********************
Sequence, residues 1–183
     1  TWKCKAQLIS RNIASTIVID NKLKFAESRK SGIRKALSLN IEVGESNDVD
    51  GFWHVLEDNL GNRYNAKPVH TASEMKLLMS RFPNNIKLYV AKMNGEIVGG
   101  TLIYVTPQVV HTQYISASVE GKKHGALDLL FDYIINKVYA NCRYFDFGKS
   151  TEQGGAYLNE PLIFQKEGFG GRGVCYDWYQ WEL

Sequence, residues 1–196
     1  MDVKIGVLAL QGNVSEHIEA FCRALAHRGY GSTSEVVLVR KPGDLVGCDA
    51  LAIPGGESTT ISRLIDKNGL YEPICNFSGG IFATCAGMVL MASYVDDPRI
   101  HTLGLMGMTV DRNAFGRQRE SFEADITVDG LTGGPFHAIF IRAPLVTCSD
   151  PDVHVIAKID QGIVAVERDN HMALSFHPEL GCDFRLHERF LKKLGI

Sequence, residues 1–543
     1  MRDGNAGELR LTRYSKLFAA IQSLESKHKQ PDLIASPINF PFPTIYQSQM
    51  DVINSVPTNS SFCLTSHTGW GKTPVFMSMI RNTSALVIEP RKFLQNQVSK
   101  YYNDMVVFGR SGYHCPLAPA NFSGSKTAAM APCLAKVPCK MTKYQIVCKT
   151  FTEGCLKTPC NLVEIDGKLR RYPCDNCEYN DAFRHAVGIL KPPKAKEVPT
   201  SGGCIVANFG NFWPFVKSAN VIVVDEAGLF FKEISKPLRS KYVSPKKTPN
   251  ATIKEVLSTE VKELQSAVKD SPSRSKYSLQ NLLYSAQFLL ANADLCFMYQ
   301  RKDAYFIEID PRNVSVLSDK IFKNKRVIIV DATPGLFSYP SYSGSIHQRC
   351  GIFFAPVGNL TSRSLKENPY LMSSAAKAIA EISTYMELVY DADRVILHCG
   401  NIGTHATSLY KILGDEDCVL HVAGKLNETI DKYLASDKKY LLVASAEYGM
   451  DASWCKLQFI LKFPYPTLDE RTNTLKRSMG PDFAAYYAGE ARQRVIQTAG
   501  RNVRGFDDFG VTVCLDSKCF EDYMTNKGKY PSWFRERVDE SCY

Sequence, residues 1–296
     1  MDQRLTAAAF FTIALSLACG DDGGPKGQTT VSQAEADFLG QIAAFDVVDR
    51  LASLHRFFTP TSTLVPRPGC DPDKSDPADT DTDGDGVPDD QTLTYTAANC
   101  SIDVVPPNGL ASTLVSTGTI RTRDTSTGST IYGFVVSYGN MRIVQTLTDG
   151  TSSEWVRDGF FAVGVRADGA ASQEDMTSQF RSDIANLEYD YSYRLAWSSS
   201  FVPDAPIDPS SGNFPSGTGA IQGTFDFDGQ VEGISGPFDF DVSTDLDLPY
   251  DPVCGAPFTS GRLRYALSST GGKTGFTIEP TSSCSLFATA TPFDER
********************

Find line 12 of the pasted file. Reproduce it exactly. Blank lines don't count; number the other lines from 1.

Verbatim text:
     1  MRDGNAGELR LTRYSKLFAA IQSLESKHKQ PDLIASPINF PFPTIYQSQM